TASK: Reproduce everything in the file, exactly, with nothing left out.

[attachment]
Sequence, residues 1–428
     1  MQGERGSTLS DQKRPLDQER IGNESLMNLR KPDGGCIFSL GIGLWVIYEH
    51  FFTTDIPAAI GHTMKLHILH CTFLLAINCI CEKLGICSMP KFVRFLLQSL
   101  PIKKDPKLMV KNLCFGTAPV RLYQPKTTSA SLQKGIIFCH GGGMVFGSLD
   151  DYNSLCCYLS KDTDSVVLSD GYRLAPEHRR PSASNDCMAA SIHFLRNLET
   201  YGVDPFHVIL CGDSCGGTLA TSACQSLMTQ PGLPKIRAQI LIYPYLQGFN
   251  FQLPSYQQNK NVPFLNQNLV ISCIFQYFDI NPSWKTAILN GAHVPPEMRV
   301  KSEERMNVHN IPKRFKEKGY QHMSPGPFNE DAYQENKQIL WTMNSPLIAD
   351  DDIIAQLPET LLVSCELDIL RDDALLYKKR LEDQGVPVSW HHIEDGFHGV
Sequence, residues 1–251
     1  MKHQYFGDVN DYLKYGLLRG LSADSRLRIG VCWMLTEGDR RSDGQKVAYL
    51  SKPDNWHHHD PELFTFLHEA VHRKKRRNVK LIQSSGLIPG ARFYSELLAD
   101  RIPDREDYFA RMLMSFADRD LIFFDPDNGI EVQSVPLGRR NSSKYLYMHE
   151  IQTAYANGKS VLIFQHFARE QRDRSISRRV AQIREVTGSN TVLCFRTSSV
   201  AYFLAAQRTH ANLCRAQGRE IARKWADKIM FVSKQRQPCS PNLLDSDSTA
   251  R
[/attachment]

Sequence, residues 1–428
     1  MQGERGSTLS DQKRPLDQER IGNESLMNLR KPDGGCIFSL GIGLWVIYEH
    51  FFTTDIPAAI GHTMKLHILH CTFLLAINCI CEKLGICSMP KFVRFLLQSL
   101  PIKKDPKLMV KNLCFGTAPV RLYQPKTTSA SLQKGIIFCH GGGMVFGSLD
   151  DYNSLCCYLS KDTDSVVLSD GYRLAPEHRR PSASNDCMAA SIHFLRNLET
   201  YGVDPFHVIL CGDSCGGTLA TSACQSLMTQ PGLPKIRAQI LIYPYLQGFN
   251  FQLPSYQQNK NVPFLNQNLV ISCIFQYFDI NPSWKTAILN GAHVPPEMRV
   301  KSEERMNVHN IPKRFKEKGY QHMSPGPFNE DAYQENKQIL WTMNSPLIAD
   351  DDIIAQLPET LLVSCELDIL RDDALLYKKR LEDQGVPVSW HHIEDGFHGV
Sequence, residues 1–251
     1  MKHQYFGDVN DYLKYGLLRG LSADSRLRIG VCWMLTEGDR RSDGQKVAYL
    51  SKPDNWHHHD PELFTFLHEA VHRKKRRNVK LIQSSGLIPG ARFYSELLAD
   101  RIPDREDYFA RMLMSFADRD LIFFDPDNGI EVQSVPLGRR NSSKYLYMHE
   151  IQTAYANGKS VLIFQHFARE QRDRSISRRV AQIREVTGSN TVLCFRTSSV
   201  AYFLAAQRTH ANLCRAQGRE IARKWADKIM FVSKQRQPCS PNLLDSDSTA
   251  R